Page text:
Not getting much sleep, we left at about 6am and got another hour away when we discovered a glorious rest area in another town, covered in trees and quiet. We pulled up alongside a few other campervans and got a few more hours of sleep. We were even able to score some local boiled peanuts (something I have often missed after moving out of Alabama) and while they weren’t fresh, they were still pretty good.

It took another 3 hours or so to make it to Rainbow Beach and we drove through rain for most of it. We pulled into a campervan park and quickly signed up for a Fraser Island tour for the following day.

Fraser Island is one of those “must see” tourist highlights that everyone mentions if you tell them you are going to the east coast of Australia. The largest island made up entirely of sand in the world. It is interesting because this sand island hosts a very large rainforest, clear-water lakes and is only accessed by barge without any permanent harbours.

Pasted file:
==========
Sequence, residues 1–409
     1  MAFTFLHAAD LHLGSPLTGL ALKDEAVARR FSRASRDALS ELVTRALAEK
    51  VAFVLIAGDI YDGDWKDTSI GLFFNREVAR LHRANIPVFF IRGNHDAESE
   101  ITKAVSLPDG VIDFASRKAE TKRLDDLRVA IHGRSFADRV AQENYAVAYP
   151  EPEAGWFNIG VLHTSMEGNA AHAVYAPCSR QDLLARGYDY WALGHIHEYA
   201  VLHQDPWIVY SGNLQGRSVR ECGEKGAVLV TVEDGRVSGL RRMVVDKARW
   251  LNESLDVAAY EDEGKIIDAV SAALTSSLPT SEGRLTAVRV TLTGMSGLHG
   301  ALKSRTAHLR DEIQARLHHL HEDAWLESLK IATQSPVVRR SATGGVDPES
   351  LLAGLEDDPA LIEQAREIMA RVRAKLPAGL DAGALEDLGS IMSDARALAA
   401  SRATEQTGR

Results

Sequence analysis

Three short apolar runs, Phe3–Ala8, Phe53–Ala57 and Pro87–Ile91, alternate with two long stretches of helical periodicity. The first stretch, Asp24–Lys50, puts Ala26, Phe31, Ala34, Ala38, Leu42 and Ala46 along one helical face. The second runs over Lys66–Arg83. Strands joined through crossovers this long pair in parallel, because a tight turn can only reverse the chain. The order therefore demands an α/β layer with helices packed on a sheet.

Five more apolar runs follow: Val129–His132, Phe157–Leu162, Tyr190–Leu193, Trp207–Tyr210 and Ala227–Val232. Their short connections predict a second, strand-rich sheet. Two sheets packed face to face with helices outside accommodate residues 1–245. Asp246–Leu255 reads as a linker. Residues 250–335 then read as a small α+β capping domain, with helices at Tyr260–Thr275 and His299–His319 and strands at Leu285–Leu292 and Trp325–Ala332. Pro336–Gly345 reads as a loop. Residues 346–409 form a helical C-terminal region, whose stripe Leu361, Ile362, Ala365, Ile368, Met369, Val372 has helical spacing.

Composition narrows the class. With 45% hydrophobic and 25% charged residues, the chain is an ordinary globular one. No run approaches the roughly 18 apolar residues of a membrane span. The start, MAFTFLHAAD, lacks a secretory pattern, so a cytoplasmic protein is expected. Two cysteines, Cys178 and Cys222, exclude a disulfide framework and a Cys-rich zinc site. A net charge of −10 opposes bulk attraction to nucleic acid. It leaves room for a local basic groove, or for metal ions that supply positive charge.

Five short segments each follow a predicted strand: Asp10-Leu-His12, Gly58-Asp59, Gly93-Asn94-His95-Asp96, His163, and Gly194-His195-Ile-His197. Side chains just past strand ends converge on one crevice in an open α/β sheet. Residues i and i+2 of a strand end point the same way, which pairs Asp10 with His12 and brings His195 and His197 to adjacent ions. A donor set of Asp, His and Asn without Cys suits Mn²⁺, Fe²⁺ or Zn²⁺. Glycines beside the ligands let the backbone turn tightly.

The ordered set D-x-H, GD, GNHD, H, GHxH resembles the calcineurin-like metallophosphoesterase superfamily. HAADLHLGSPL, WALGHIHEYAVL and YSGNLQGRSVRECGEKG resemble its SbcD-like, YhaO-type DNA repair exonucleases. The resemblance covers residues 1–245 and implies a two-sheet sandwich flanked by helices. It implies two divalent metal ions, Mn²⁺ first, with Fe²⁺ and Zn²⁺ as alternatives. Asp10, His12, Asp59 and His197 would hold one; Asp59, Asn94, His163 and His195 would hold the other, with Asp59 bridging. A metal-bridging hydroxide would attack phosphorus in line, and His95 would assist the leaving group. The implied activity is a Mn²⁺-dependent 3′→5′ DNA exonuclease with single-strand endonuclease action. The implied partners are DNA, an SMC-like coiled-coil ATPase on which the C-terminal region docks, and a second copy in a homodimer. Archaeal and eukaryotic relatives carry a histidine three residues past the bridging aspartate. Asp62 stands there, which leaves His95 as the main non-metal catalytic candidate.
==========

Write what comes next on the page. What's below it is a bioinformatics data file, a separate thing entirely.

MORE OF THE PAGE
Rainbow Beach, by the way, wasn’t entirely special. It was your run of the mill beach – we’d see a lot of them before leaving OZ. We walked along it for a bit but retreated when the rain started again. K made ratatouille for dinner and we went to bed pretty early.

Rainbow Beach

Rainbow Beach

We paid a lot of money to take the “tour” of Fraser Island. This involves getting into this very nice, bus-like 4×4 vehicle orginally designed for granite quaries. They drive on the beach a lot on Fraser Island (there aren’t many roads) and through the water and so a specially designed vehicle is required.